Compare and Contrast African Empires in the Early Modern Period: (1450-1750)

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Comparing African Empires in the Early Modern Period: (1450-1750) Mr. Blankenship AP World History
One of the comparative topics in this time period is “empire building” in Africa. The AP Jedi Masters want you to know only one of the following: (Kongo, Benin, Oyo, Dahomey, Ashanti or Songhay) – so they probably are not going to ask you to compare two African Kingdoms since they stated you only need to know one – so they could ask you to compare the process of “empire building” in Africa to that in: (Asia, Latin America or Europe) – but I am providing you with information from three African Empires – just in case – and each if from a different region in Sub-Saharan Africa – so different historical forces to consider.

The Kongo (c. 14th – 17th century)
   Located on the western coastal region of Central Africa – along the Congo river. Centralized state – with officials overseeing military, judicial, and financial affairs. The empire was divided into regions – and governors who were usually related to the King oversaw those areas – some areas were allowed to continue to rule as long as they recognized the superiority of the Kongo King – they had to report to him yearly for inspection and “renewal” of their title. The empire was financed both by the taxing of trade as well as a head tax collected by local administers and sent to the capital.

Songhay: (West Africa – Sudanic Empire) (Mid 1400’s – Mid-1600’s)  As the power of the Mali continued in the 1400’s a state within the Empire was able to obtain its independence – this was called the Songhay Empire with its capital in the trading city of Gao. The height of the Empire came under the leadership of Sunni Ali who ruled from 1464-1493. He built an elaborate administrative and military apparatus to oversee affairs in his realm. 

The Kingdom of the Asante (1680-1900)
The Asante were one of the Akanspeaking peoples who settled in the forest region of modern Ghana between the 11thand 13th centuries. The separate Asante chiefdoms were united by Osei Tutu in the 1670s and in 1696 he took the title of Asantehene (king) and founded the Asante empire. Asante was the only part of Africa where rich agricultural and mineral resources coincided. With its capital at Kumasia only 30 miles south of the northern forest edge – it could draw on both forest and savanna produce some of the traditional crops were: plantains, yams, and rice.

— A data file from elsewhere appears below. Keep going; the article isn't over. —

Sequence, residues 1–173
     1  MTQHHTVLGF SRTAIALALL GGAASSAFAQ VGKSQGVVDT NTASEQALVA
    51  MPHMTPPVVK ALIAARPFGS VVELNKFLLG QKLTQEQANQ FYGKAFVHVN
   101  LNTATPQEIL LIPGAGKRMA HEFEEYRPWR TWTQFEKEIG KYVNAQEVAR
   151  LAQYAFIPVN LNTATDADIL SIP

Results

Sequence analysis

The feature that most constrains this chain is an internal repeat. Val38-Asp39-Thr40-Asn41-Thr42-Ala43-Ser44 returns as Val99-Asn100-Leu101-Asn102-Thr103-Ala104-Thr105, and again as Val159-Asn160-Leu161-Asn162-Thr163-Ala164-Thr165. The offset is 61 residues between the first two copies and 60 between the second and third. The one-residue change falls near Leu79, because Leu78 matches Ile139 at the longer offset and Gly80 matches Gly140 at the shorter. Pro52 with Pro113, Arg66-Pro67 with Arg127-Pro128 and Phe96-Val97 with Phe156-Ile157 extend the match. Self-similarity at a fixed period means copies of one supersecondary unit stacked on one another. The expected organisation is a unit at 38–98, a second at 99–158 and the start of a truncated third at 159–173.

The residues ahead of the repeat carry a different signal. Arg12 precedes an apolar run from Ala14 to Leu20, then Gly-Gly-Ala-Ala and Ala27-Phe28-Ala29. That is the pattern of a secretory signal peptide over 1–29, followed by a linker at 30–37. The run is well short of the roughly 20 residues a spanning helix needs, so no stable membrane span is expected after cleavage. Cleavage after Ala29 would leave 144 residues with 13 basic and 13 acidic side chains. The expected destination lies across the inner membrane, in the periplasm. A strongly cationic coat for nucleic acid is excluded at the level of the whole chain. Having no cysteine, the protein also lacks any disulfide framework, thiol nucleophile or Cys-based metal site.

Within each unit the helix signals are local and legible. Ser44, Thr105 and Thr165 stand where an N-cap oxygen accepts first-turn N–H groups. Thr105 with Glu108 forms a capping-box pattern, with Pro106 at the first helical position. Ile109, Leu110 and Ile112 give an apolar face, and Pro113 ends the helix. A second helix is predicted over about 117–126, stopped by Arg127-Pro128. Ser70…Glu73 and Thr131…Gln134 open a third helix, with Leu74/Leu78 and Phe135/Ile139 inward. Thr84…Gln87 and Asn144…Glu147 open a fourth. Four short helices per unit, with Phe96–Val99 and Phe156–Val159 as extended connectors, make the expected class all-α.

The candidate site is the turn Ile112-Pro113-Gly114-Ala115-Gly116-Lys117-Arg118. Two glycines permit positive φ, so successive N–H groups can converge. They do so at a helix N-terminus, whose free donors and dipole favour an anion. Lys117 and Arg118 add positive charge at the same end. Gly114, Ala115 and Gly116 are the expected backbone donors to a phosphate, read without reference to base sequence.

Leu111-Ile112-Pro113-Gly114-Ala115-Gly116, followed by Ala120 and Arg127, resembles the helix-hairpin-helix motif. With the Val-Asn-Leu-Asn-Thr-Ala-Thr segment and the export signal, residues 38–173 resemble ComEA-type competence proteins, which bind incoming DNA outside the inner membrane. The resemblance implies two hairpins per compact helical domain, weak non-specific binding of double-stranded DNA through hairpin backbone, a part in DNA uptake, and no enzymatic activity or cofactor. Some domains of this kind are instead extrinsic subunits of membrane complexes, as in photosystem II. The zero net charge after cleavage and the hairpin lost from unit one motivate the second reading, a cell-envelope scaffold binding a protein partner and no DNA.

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The Portuguese arrived in the late 15th century – Kings of the Kongo converted to Christianity as a way to establish closer commercial relations with Portuguese merchants and diplomatic relations with the Portuguese King.





He appointed governors to oversee provinces and maintained a professional army, with a cavalry and navy of small boats and canoes – which were able to patrol the Niger River. He extended his empire over the areas formally controlled by the Mali rulers – he conquered the cities of Timbuktu and Jenne (which took him 7 years of siege warfare – he finally married its Queen to solidify his rule). From the capital city of Gao the Songhay rulers presided over a prosperous empire that participated in the transSaharan trade that brought: Salt, textiles and metal goods in exchange for gold and slaves. Despite the fact that the rulers were Islamic and supported Islamic institutions: mosques / universities – the vast majority of the populace remained non-Muslim. The Songhay meet their demise in 1591 when they took on a Moroccan army armed with musket gun – the defeat left open an opportunity for regions to revolt against Songhay administration.



Kongo Kings appreciated the fact that Christianity offered a strong endorsement of their monarchical rule – the new faith was convenient also because the saints of the Roman Catholic Church were similar to spirits long recognized in Kongolese religions. For the first number of years Portugal and the Kingdom of the Kongo dealt with each other with a...
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